The six-year, $155MM contract that Jon Lester signed this offseason is paying off nicely for the Cubs, writes Gordon Wittenmyer of the Chicago Sun-Times. While the notion that that Cubs wouldn’t be in contention without Lester seems extreme, there’s no denying the strong on-field results he’s delivered, and as Wittenmyer points out, that’s particularly important due to the rotation uncertainty beyond Lester and Jake Arrieta (both Jason Hammel and Kyle Hendricks have struggled in the second half). Manager Joe Maddon spoke with Wittenmyer about the stabilizing force Lester has been atop the rotation, along with Arrieta, and the importance of the tone they set for younger starters.
A few more notes from the Windy City…
- The trade that sent Dan Straily and Luis Valbuena from the Cubs to the Astros in exchange for Dexter Fowler has paid dividends for both teams, opines MLB.com’s Phil Rogers. The Cubs would still be in the playoff picture even without Fowler, he notes, but Fowler has nonetheless solidified center field and the team’s leadoff position a year after the Cubs tried seven different players in center field, with lackluster results. Meanwhile, Rogers is right to note that the Astros, who hold a one-game lead over the Twins and Angels for the second Wild Card spot, have benefited greatly from Valbuena. Despite a poor batting average, Valbuena provided power and stability at third base early in the year, and the difference between his salary and Fowler’s helped the team to pursue bullpen upgrades (to say nothing of Colby Rasmus, who has closely matched Fowler’s production).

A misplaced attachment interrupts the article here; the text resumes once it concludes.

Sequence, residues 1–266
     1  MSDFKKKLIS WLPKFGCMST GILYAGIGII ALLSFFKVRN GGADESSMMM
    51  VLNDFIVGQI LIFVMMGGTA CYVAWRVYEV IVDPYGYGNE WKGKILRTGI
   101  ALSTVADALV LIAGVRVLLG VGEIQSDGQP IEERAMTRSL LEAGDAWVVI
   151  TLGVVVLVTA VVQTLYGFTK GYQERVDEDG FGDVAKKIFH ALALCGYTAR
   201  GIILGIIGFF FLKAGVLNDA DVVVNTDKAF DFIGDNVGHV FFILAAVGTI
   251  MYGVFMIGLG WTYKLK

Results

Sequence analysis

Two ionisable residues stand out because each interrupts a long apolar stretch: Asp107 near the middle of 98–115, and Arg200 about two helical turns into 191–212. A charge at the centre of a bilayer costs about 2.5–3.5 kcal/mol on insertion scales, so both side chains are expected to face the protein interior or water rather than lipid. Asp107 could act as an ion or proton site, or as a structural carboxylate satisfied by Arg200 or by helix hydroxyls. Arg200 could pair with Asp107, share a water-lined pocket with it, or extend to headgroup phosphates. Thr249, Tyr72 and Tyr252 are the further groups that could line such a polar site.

- The Cubs’ addition of Austin Jackson has provided valuable depth for the team, writes MLB.com’s Carrie Muskat, and GM Jed Hoyer believes that depth to be one of the team’s greatest strengths. Muskat also notes that the Cubs wound up pushing the right buttons, as the decisions not to acquire Jonathan Papelbon or Chase Utley look wise in hindsight; Papelbon has been suspended for the rest of the season due to his altercation with Bryce Harper, and with Utley in the fold, the team may not have received a scorching-hot September from Starlin Castro.
- Shifting to the other side of town, White Sox catcher Tyler Flowers will undergo surgery next Friday to repair cartilage damage in his right knee, reports Bruce Levine of 670thescore.com (via Twitter). Flowers’ recovery will be worth keeping an eye on, as I’d imagine that he could be a borderline case when it comes to arbitration this December. The 29-year-old is set to earn a raise on this year’s $2.675MM salary after hitting .237/.292/.356 with nine home runs in 358 plate appearances. The Sox, who seem likely to re-tool and take another crack at contending in 2016, could look at catcher as a potential area of upgrade, though that speculation is my own, as opposed to Levine’s.
- As Colleen Kane of the Chicago Tribune writes, Jose Abreu’s pair of RBIs yesterday brought him into an exclusive club of two, as he and Albert Pujols are now the lone players in baseball history to hit 30-plus homers and knock in 100-plus runs in their first two Major League seasons. “It’s a big honor to see my name now along with Albert,” said Abreu, via interpreter. “He’s one of the greatest players in the history of baseball, and now to have the opportunity to see my name along with his name is a big honor for me.” Abreu’s dominant performance over the first two seasons has made what was, at the time, an enormous leap of faith by the White Sox now look like a bargain. Abreu’s production through just two seasons has arguably already justified Chicago’s six-year, $68MM expenditure.